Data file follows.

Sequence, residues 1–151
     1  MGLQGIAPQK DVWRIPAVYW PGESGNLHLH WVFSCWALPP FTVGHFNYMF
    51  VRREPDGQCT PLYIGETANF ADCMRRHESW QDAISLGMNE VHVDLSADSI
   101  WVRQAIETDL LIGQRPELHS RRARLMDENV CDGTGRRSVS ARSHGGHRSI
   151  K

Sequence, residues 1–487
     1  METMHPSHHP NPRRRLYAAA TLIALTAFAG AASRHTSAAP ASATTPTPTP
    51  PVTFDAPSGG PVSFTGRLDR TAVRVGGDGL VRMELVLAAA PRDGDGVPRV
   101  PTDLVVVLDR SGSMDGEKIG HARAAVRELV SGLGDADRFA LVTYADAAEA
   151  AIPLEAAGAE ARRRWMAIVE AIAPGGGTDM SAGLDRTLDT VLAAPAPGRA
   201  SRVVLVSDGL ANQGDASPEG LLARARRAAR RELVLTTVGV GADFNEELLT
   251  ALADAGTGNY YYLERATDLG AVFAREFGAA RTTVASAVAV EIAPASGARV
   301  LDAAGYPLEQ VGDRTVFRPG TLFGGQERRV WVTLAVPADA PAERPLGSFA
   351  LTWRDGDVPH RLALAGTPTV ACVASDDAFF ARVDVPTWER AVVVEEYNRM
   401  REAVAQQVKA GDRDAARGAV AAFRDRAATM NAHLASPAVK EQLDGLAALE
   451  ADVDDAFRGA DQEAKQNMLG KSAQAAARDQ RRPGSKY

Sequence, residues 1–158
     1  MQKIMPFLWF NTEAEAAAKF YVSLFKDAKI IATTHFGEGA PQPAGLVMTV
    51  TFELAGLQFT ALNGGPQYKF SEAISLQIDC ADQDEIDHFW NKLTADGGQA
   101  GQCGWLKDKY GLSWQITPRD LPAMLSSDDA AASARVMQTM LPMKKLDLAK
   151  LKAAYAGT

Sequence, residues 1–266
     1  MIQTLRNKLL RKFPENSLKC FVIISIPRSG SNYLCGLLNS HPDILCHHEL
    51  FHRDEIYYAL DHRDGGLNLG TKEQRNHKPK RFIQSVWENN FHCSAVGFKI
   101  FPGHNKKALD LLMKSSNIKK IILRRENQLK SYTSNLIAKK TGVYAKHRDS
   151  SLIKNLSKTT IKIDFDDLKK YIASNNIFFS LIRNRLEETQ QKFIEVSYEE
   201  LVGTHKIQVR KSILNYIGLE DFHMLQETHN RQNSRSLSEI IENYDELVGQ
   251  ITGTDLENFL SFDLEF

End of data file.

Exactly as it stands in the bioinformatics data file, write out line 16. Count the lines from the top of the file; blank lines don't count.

   451  ADVDDAFRGA DQEAKQNMLG KSAQAAARDQ RRPGSKY